This is an extract of our Societe Eram Shipping Co V. Internationale Navigation document, which we sell as part of our Conflict of Laws BCL Notes collection written by the top tier of Oxford students.
The following is a more accessble plain text extract of the PDF sample above, taken from our Conflict of Laws BCL Notes. Due to the challenges of extracting text from PDFs, it will have odd formatting:
SOCIETE ERAM SHIPPING CO. V. INTERNATIONALE NAVIGATION FACTS The appellant is the Hong Kong and Shanghai Banking Corpn Ltd, a company incorporated in Hong Kong and carrying on a banking business there and elsewhere. It has a branch in London and is registered in England under section 691 of the Companies Act
1985. The appellant would formerly have been called "the garnishee" but is now to be called "the third party", by which term I shall describe it. Societe Eram Shipping Co Ltd is a Romanian shipping company. I shall refer to it as "the judgment creditor". Societe Oceanlink Ltd and Mr Yoon Sei Wha are a company and an individual resident in Hong Kong. I shall refer to them as "the judgment debtors". The judgment creditor claimed demurrage against the judgment debtors and obtained judgment against them in the Brest Commercial Court for some US$101,000 and 5,000 French francs. The judgment debtors did not satisfy the judgment and the judgment creditor registered it in the Queen's Bench Division of the High Court under the provisions of the Civil Jurisdiction and Judgments Act 1982. The judgment creditor could have obtained a third party debt (or garnishee) order in Hong Kong against the third party in respect of the debt due from the third party to the judgment debtors. The judgment creditor did not adopt those procedures. Instead, it applied to the High Court in England for an interim third party debt order (then called a garnishee order nisi) in respect of the debt owed by the third party to the judgment debtors in Hong Kong. HOLDING LORD BINGHAM The House was referred to no reported case in which the English court has made a final third party debt order or garnishee order absolute in relation to a foreign debt, although (with one exception) the refusal has been put on discretionary grounds; and discretion has been exercised against the making of an order even where the debt to be attached is situated in this country where it has appeared that the third party, despite the discharge of its debt to the judgment debtor as a matter of English law, may be at risk elsewhere of compulsion to pay a second time. Nature of a garnishee order To resolve the issues arising between the judgment creditor and the third party in this appeal it is in my opinion necessary to return to very basic first principles. A garnishee or third party debt order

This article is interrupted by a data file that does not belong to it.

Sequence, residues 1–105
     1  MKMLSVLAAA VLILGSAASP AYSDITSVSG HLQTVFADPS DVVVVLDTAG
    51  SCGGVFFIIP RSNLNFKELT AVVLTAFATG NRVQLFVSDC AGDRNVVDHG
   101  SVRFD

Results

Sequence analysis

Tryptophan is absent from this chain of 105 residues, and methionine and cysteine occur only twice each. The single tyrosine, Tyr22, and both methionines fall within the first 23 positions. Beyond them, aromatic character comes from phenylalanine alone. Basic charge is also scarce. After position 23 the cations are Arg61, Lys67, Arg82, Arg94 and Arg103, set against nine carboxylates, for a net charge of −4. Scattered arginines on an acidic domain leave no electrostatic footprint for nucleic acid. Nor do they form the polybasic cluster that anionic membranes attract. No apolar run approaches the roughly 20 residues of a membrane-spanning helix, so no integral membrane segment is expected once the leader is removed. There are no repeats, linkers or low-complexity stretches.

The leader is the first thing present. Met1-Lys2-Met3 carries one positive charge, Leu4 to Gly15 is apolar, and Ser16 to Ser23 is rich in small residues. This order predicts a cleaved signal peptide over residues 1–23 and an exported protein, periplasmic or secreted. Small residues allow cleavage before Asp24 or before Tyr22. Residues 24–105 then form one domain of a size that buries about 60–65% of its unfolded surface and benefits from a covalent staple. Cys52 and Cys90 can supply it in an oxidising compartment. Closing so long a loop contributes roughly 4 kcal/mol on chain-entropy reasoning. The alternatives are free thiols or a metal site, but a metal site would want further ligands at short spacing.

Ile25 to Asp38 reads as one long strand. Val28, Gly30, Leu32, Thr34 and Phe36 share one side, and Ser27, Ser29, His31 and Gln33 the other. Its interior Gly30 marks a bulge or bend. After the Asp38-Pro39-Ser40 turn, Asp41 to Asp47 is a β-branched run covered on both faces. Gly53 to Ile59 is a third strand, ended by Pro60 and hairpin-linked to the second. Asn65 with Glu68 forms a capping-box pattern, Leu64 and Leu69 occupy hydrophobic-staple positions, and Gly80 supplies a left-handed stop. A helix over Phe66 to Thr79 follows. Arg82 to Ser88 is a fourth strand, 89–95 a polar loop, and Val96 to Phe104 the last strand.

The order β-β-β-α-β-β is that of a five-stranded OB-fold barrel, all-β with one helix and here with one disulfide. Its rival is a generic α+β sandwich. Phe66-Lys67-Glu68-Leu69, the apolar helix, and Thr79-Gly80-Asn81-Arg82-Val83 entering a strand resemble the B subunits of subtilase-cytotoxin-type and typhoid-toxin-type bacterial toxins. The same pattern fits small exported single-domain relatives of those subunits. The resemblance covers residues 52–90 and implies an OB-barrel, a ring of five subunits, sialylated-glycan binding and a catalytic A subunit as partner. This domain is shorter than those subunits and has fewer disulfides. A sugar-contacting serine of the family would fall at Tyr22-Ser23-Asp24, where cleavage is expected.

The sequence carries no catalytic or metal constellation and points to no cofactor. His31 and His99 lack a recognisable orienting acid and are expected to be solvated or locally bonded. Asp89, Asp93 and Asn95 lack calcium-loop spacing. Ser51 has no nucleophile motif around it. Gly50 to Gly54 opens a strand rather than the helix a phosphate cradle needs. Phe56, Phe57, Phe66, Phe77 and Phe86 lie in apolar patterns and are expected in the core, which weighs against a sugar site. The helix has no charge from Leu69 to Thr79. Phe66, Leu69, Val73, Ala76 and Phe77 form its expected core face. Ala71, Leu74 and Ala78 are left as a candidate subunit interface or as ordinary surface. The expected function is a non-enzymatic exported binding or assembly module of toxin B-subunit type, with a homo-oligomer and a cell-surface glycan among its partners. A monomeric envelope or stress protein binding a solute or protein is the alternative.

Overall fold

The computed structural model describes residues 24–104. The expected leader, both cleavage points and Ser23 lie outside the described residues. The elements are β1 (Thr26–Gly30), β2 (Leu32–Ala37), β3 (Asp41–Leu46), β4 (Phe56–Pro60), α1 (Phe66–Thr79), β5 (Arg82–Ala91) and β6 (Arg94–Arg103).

is a proprietary remedy which operates by way of attachment against the property of the judgment debtor. The property of the judgment debtor so attached is the chose in action represented by the debt of the third party or garnishee to the judgment debtor. When a final or absolute order is made the third party or garnishee is obliged (subject to any specified monetary limit) to make payment to the judgment creditor and not to the judgment debtor, but the debt of the third party to the judgment debtor is discharged pro tanto. Danger of garnishee being forced to pay twice It is not in my opinion open to the court to make an order in a case, such as the present, where it is clear or appears that the making of the order will not discharge the debt of the third party or garnishee to the judgment debtor according to the law which governs that debt. In practical terms it does not matter very much whether the House rules that the court has no jurisdiction to make an order in such a case or that the court has a discretion which should always be exercised against the making of an order in such a case. But the former seems to me the preferable analysis, since I would not accept that the court has power to make an order which, if made, would lack what has been legislatively stipulated to be a necessary consequence of such an order. I find myself in close agreement with the opinion of Hill J in Richardson v Richardson  P 228, subject only to the qualification (of little or no practical importance) that an order may be made relating to a chose in action sited abroad if it appears that by the law applicable in that situs the English order would be recognised as discharging pro tanto the liability of the third party to the judgment debtor. If (contrary to my opinion) the English court had jurisdiction to make an order in a case such as the present, the objections to its exercising a discretion to do so would be very strong on grounds of principle, comity and convenience: it is contrary in principle to compel a bank to pay out money owed by a customer if its liability to its customer is not reduced to the same extent; it is inconsistent with the comity owed to the Hong Kong court to purport to interfere with assets subject to its local jurisdiction; and the judgment creditor has a straightforward and readily available means of enforcing its judgment against the assets of the judgment debtors in Hong Kong. Conclusion I would allow the third party's appeal with costs in the Court of Appeal and before the House, set aside the order of the Court of Appeal and restore the order of the judge in so far as it set aside the garnishee order nisi, ordered that there be no absolute order and awarded costs to the third party, summarily assessed, against the judgment creditor.
Buy the full version of these notes or essay plans and more in our Conflict of Laws BCL Notes.